Being involved in a collision has become a fact of life in our motor-vehicle oriented society.
In 2015, there were more than 116,000 motor-vehicle crashes in Arizona, resulting in more than 30,000 injuries. This was an increase over the prior year.
Nearly three out of four collisions occurred in daylight hours. Every day that we are on the road, either in an automobile, on a motorcycle, or even as a pedestrian, includes a risk that we will become a witness to or a participant in an accident.
Here are some tips on what to do at the scene of a crash, if you are unfortunate enough to be involved.
You should not discuss the collision with anyone at the scene, except the investigating police officers. Tell the officer the basic facts that you observed, so that an accurate report can be prepared.
At the scene of a collision, people are frequently upset and sometimes mistakenly blame themselves. Even if you believe that you may have been responsible, it is best not to admit liability. Investigation may reveal that someone else was to blame. In serious injury cases, you should consult an attorney before making any statements.
If the collision is minor, and there do not appear to be any injuries, it is often best to move the vehicles out of the roadway to avoid a secondary collision and a serious injury. If the vehicle cannot be moved, remain in the vehicle with your seatbelt on, and your hazard lights activated. Keep in mind that if you decide to handle the damage to your car on your own directly with the other driver, and without the involvement of an insurance company, you may end up having difficulty collecting.
Notify the police immediately after the crash takes place. The law requires that all collisions be reported, and the official report may prove to be helpful in the future.
Advise the police if there are any injuries, so that they may notify paramedics. Do not move any injured people unless you have medical training.
It is best that you not tell anyone at the scene of the collision that you were not injured. Very serious injuries may not show up for several hours or even days.
Obtain the other driver’s name, address, telephone number, driver’s license number and vehicle registration number. Also, obtain names and addresses of any witnesses.
If possible, take photographs of the scene and of the other vehicles, with your cellphone. If the area is under construction, or if there is a defect in the roadway (e.g. potholes or damaged pavement), take photos of the location, as well, as the conditions will change quickly.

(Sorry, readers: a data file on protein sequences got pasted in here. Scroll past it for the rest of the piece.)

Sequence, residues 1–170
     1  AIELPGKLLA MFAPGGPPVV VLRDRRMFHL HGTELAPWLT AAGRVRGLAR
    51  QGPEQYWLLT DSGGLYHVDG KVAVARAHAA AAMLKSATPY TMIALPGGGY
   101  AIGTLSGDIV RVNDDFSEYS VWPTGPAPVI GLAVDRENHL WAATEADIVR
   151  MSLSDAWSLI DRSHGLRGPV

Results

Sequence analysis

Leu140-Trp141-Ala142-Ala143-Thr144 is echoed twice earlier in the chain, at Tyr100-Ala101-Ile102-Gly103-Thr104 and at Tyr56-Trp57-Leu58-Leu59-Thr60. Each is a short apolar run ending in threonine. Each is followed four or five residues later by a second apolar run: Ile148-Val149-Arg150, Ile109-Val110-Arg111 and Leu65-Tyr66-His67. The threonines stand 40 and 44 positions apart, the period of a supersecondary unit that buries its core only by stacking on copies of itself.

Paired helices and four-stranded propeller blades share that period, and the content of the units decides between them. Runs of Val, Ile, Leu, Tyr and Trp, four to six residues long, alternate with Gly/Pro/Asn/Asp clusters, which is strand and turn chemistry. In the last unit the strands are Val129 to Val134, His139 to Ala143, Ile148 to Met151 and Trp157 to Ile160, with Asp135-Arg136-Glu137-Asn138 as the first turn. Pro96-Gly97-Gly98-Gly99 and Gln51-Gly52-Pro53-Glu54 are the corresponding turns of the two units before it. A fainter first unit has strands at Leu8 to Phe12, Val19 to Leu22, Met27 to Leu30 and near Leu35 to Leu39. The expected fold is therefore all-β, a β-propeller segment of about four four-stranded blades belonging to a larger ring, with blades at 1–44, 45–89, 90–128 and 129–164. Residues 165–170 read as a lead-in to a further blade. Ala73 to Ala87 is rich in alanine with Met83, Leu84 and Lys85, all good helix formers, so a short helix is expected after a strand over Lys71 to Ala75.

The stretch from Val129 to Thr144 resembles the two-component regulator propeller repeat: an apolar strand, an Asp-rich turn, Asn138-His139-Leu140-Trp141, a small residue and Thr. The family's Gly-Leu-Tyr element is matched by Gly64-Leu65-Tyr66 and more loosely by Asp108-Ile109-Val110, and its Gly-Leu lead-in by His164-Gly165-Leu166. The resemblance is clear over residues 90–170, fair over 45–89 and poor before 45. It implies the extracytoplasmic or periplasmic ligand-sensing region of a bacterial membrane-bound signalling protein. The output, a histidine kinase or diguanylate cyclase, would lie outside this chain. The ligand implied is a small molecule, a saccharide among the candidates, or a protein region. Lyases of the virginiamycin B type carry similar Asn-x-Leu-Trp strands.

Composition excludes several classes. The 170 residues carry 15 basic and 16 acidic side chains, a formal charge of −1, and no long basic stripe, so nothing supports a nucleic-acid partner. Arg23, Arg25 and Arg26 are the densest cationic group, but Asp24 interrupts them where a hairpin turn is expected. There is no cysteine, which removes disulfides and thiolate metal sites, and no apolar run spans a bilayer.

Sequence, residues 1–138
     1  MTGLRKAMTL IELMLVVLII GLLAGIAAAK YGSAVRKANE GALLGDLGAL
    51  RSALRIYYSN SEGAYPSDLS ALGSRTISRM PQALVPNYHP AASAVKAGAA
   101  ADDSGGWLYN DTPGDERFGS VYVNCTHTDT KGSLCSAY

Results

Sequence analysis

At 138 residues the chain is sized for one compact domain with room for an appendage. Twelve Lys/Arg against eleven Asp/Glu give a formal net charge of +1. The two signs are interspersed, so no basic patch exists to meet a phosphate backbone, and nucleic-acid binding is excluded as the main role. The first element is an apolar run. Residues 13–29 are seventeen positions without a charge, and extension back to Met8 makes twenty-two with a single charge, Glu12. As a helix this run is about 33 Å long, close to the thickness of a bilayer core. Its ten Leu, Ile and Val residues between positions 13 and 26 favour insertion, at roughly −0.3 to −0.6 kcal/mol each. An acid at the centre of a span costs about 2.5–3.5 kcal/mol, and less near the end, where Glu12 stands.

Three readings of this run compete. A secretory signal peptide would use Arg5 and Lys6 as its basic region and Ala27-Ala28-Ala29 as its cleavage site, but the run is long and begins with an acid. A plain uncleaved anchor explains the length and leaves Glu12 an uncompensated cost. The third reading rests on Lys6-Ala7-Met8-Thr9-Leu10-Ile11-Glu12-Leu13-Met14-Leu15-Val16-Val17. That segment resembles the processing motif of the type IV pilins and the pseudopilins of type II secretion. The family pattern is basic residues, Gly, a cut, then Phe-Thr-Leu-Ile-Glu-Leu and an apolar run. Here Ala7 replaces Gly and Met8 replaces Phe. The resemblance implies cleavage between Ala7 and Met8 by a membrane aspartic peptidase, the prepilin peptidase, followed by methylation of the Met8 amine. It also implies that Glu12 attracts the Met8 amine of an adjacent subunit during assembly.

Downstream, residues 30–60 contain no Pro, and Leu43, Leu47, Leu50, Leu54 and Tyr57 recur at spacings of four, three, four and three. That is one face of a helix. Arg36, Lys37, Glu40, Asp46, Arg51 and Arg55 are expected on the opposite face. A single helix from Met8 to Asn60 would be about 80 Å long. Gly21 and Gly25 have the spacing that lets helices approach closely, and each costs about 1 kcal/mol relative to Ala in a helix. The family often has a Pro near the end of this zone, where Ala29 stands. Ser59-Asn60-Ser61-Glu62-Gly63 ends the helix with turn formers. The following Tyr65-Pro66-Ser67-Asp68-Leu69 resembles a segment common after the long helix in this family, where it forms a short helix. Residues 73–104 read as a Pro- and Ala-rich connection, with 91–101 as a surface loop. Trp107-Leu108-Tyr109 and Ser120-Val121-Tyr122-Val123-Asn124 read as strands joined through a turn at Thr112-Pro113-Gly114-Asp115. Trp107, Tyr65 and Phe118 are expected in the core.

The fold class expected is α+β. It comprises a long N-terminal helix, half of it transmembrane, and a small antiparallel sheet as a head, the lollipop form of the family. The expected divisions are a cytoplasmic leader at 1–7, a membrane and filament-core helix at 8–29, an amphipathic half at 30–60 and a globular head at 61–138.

Do not leave the scene of the collision until authorized by the police unless your injuries require you to do so. As soon as possible, make a complete report to your own insurance company. Failure to make a prompt and correct report may affect your rights. Even if you are not taken to the hospital by an ambulance, you should seek an immediate evaluation from a qualified health care provider who can determine the extent of any injuries you may have suffered and recommend a course of treatment, if necessary.
If you are cited for the collision, be sure to respond to the citation and contact the court in a timely manner. Don’t jeopardize your license by failing to appear as required.
Know what your insurance policy covers. Don’t wait for a collision to occur to learn what coverages you have. Schedule a consultation with an experienced attorney familiar with these issues, or with an insurance agent in advance to confirm that you have the best insurance coverage that you can afford to protect yourself and your loved ones in the event of a crash.
Time is critical. After a collision, consult with a personal-injury attorney immediately. If you are unable to contact an attorney personally, have a friend or family member do it for you. Crucial evidence and/or testimony necessary for the proper presentation of your claim must be discovered and gathered as soon as possible. As time passes, physical evidence disappears, memories fade and people move.
Steven A. Cohen, an attorney practicing in Scottsdale with Nussbaum Gillis and Dinner, is a specialist in injury and wrongful-death litigation and handles automobile, motorcycle and trucking collision claims. He can be reached at 602-677-3216 or firstname.lastname@example.org.
The information contained in this article is for informational purposes only and should not be construed as providing legal advice. If you have any questions regarding the topics discussed in this article, you are advised to contact an attorney.